Soon after coming to power, Prime Minister Imran Khan announced his 5 million housing scheme. It was an ambitious programme but welcome in view of the acute housing shortage in the country. The country currently suffers from a shortage of nine million housing units, with the deficit growing by an estimated 0.7 million units per year.
Worse still, Pakistan has one of the highest people-per-room ratios of 3.5 in the world. According to the Association of Builders and Developers chairman, the situation is particularly alarming in the urban areas, where slums have become commonplace. About 12 percent of the population in the country owns 56 percent of the housing stock, leaving only 44 percent for the remaining 88 percent. Whatever construction activities are going on, they are focused on the rich and the super-rich, with only a few catering for the middle classes. Housing for the poor seems nobody’s concern.
According to media reports, progress is being made slowly to put the government’s housing scheme on the ground. Some land has been acquired, while some projects have been formulated. But there is no information yet about the financing side of it, and how the Naya Pakistan Housing Program (NPHP) will actually work. Needless to say, no housing market can be developed without a mortgage financing system in its support. As is the practice all over the world, to encourage home ownership, short and long-term financing services must be available to buyers. It may be recalled here that last year, the State Bank of Pakistan (SBP) came out with a comprehensive policy to promote low-income housing finance in the country. The SBP identified various demand and supply side issues hindering housing finance such as weak contract enforcement, uncertainty of titles, maturity mismatch, unaffordability, etc.
Lately, some progress has been made towards easing the finance shortage in the housing sector. According to the State Bank of Pakistan, the volume of outstanding home loans has been increasing from year to year. Housing finance is gradually growing and the gross outstanding of all banks and DFIs surged to Rs 65.70 billion in 2016-17. At present, 24 Islamic and conventional banks, House Building Finance Company Limited (HBFCL) and one microfinance bank are catering to housing finance needs and the current data confirms that the primary housing finance market in Pakistan is gradually growing which is a very positive sign for the economy. The House Building Finance Company holds the largest share (22pc) in terms of outstanding home loans. Category-wise, Islamic banks remained the largest players with a 39 percent share in outstanding loans.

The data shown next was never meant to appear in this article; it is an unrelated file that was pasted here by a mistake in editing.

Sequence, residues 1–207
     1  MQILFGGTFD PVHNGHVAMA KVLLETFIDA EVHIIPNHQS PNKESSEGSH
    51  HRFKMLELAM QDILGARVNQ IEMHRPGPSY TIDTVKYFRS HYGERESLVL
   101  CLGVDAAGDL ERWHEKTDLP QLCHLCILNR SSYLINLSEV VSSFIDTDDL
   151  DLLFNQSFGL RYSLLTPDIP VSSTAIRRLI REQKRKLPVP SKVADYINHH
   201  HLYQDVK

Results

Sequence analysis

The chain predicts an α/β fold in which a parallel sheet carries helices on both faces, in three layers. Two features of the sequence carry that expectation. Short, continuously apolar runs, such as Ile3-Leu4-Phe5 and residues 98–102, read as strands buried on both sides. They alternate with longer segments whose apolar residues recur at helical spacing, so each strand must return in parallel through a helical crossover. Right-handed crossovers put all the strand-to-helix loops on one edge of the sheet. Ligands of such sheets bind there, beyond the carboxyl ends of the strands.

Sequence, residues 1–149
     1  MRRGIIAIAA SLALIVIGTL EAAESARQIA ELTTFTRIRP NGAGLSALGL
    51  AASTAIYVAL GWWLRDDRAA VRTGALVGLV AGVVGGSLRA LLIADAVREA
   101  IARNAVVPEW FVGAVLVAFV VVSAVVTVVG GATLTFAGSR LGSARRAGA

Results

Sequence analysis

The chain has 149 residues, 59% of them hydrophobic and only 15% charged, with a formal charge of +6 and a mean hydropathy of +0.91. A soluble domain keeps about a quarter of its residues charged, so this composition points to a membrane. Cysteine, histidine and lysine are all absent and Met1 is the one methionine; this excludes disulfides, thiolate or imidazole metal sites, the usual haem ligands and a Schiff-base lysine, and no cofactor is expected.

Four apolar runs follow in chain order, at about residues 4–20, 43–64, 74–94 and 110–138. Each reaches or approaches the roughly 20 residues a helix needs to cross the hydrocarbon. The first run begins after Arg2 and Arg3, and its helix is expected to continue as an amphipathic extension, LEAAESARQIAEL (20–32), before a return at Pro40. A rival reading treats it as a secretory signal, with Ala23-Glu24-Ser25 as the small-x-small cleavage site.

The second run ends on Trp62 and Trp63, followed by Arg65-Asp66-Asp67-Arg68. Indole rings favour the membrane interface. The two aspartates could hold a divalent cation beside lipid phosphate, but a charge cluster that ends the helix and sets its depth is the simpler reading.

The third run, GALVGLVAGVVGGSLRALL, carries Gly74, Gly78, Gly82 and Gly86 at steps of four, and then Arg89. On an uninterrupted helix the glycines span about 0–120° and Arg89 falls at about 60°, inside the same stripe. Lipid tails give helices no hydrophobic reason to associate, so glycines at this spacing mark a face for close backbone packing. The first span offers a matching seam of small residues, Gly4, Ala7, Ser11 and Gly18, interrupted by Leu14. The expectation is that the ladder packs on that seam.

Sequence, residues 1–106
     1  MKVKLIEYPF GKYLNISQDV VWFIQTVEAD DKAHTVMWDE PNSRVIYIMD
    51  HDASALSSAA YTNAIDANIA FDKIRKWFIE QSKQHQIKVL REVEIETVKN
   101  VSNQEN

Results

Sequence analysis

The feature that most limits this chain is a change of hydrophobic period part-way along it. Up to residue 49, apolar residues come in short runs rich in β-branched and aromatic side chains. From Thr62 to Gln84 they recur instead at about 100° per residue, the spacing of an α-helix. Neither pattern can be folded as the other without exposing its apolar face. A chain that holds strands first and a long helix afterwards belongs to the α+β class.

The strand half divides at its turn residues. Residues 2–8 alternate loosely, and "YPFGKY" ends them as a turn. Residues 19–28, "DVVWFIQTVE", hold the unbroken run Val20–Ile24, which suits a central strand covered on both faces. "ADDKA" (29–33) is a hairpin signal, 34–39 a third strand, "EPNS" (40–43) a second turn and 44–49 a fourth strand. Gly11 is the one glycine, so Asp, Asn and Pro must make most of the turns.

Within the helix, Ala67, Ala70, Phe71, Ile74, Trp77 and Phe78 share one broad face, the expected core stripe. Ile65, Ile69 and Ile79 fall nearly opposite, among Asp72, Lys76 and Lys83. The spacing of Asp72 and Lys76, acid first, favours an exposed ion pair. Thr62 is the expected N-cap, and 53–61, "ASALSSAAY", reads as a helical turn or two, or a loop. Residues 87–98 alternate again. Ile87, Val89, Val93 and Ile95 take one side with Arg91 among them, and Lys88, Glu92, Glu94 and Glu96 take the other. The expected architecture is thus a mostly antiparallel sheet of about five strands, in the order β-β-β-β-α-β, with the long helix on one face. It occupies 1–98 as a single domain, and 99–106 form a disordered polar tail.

To remove the financial hurdles, the central bank some time back proposed subsidised financing facilities for home buyers as well as builders. The tenure for the loans was 12.5 years, while 50 percent of the loan was to be given at 5 percent (with banks’ premium of 4 percent) by the SBP and the rest of the loan was to come from financial institutions at a fixed rate of 12 percent. Thus, the average rate became 8.5 percent for the entirety of the loan. Moreover, the policy proposed that government land earmarked for low-income housing could be given to developers free-of-cost for 50 percent houses and apartments in the low-income category. Later, the SBP came out with a new policy which redefined low-income housing as a unit costing Rs3 million for a loan size up to Rs2.7 million and no income level identifier. As of now, under this policy, the government is reported to have decided to subsidise special segments of the population, including widows, children of martyrs, special persons, transgenders and persons in areas severely affected by terrorism.
In this context, it may be added here that the Pakistan Mortgage Refinance Company (PMRC) has been given $140 million by the World Bank for low-income housing. The PMRC has signed agreements worth Rs4.8 billion with the House Building Finance Company (HBFC), Askari Commercial Bank, First Women Bank, Bank Islami and Khushali Microfinance Bank. If all houses cost Rs1 million, and the loan to value is 90 percent, this refinancing would cover about 5,500 loans. The product is at fixed rate mortgage of 12 percent and has a tenure of 20 years.
Given the ground situation, experts are of the opinion that the 5 million house construction is too ambitious to materialise in the near future. But if it is conjoined with the PMRC facility, quicker results can be achieved. For, as loans are disbursed and payments are made, more loans can be given with a rolling effect. All said, to make a success of it, the 5 million housing programme needs to be widely publicised and elaborated in all its details for the stakeholders. Given the sheer size of the plan, the government needs to produce a detailed document outlining how, where and when housing will be provided. The programme needs to be placed in the context of the larger urban planning framework so that there is no duplication and wastage of resources.
Developing the housing market is a big challenge which cannot be overcome through indigenous resources alone. In view of this, the government should try to find international partners for financial and technical support.